In this excerpt, Steve comes to terms with previous failure to climb K7 (6,942m) solo by a new route, and ultimately turns his frustration and failure into success. The 2,650m new route on K7's south-west face is independent from base camp at 4,400m to a junction with the Japanese route at 6,300m. In 2004 Steve climbed the route solo in a 41 hour roundtrip from base camp – in doing so making only the second ascent of K7. For this climb Steve was awarded Climbing Magazine's Golden Piton Award, and the Piolet d'Or's Prix du Public.
Back in base camp failure gnaws at me. And this time I use the word failure decisively. I did not summit K7, and I pushed too far. I had difficulty descending the complex gullies and snowfields in the dark. I was too cold to stop and rest, and one bad decision would have had dreadful consequences. That I escaped does not justify taking so many chances. I need to rein in the risk.
I wish I had summitted and so ended this baleful obsession. I hate that I must go up there again. I am angry that I train so hard for these routes but am unable to climb them. I berate myself for squandering my opportunity to be a professional alpinist; with all this time and support, I am still unable to do the big climbs, the groundbreaking climbs.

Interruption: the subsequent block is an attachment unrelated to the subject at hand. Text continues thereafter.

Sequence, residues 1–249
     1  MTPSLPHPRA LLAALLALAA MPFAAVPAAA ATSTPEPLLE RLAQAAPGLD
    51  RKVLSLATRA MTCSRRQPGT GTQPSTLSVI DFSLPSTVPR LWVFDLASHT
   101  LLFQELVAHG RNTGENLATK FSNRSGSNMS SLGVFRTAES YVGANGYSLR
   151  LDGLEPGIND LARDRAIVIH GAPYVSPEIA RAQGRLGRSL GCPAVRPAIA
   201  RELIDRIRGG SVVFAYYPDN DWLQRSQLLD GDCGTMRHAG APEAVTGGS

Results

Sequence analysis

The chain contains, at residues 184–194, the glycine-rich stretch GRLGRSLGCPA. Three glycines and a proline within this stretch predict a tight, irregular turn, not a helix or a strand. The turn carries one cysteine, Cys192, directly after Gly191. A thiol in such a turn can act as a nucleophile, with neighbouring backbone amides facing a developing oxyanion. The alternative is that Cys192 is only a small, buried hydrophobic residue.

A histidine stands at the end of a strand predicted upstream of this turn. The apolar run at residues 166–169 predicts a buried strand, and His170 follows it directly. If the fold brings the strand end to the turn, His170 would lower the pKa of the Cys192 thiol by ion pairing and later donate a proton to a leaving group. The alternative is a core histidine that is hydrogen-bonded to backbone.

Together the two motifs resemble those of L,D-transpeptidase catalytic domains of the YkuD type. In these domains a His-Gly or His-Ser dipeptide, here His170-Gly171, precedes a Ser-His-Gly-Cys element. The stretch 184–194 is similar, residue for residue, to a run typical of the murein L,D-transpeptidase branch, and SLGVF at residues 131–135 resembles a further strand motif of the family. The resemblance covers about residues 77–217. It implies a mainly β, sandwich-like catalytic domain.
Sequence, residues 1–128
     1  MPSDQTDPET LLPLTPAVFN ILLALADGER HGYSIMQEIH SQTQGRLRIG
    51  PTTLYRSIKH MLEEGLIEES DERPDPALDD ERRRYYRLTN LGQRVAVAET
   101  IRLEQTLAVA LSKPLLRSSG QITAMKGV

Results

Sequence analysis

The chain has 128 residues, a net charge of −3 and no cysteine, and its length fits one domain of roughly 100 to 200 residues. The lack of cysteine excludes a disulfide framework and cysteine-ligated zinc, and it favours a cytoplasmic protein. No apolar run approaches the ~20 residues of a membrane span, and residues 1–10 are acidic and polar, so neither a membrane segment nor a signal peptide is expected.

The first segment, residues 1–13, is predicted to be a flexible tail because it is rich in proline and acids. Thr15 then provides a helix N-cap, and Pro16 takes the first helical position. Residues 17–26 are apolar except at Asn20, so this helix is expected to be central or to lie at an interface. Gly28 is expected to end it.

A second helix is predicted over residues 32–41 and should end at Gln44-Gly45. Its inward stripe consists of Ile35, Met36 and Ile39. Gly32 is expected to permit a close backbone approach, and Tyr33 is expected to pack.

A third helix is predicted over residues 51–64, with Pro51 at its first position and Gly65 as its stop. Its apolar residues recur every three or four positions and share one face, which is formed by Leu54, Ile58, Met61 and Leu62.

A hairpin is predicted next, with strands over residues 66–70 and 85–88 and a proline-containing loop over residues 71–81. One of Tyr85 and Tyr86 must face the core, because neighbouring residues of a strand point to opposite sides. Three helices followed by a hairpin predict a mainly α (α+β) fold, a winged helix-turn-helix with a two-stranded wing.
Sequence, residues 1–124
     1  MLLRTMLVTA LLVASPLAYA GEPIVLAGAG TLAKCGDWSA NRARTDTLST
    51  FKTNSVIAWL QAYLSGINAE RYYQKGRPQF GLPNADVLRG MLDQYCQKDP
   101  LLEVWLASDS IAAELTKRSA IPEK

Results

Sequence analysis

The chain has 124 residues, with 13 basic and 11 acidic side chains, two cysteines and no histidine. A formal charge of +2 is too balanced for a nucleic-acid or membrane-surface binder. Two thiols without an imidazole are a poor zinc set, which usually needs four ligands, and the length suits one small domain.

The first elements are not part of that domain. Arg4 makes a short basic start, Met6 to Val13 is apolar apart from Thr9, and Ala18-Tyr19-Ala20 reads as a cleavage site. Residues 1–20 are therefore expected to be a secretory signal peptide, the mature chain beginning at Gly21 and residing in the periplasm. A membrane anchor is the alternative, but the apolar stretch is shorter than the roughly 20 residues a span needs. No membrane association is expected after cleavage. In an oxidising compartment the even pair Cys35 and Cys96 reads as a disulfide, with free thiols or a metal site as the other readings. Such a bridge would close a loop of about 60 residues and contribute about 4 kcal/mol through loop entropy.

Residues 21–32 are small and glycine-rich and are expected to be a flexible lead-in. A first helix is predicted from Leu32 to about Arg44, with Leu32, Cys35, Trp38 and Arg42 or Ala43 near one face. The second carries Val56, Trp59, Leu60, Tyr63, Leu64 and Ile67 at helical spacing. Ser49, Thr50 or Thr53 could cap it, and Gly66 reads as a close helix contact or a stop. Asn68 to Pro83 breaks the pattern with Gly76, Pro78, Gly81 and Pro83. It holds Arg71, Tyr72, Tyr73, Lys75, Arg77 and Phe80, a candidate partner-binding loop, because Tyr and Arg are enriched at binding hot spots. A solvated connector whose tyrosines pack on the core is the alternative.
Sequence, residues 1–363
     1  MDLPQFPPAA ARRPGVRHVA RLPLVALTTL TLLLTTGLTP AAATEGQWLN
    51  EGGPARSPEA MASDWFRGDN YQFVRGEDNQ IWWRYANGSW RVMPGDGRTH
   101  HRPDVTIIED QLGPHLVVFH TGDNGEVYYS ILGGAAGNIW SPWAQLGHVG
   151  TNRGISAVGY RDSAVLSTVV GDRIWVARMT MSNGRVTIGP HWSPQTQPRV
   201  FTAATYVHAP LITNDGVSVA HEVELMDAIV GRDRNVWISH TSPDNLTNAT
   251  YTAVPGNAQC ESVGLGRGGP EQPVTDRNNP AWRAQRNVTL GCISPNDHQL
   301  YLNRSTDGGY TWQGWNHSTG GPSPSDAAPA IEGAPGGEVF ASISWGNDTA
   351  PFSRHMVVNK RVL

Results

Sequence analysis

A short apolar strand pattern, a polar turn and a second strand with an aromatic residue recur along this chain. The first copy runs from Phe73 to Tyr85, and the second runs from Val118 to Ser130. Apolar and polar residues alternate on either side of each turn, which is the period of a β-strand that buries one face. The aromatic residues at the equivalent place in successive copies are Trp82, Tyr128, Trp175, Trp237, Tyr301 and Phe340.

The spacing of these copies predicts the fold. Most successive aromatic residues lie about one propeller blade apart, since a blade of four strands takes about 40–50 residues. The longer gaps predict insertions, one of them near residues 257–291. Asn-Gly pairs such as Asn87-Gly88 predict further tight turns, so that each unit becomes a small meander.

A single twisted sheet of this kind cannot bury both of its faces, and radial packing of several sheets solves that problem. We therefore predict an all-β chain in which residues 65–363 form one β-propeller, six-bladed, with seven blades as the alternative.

At night I lie in my tent, eyes closed, questioning: Where is the line, what risks are acceptable? What price am I willing to pay? Maybe a partner? Should I invite Marko to climb with me? What happened to my relationship with myself? Why am I so isolated from the rest of the world? In soloing did I travel so far within myself that I am unable to return to normality?
In the dark of early morning I wake to the realization that to complete this cycle I must follow the path before me. I am committed. Like the Slovak Direct with Mark and Scott, North Twin with Marko, I must climb up and off K7 to move on, to survive. Anger cedes to frustration. In the daylight my angst has receded; I laugh with my mates again.
K7 is my universe. This pitch, my world. The movement, the yellow rock edges toward which I direct my crampons, the crack in which I cam my pick. This is my moment.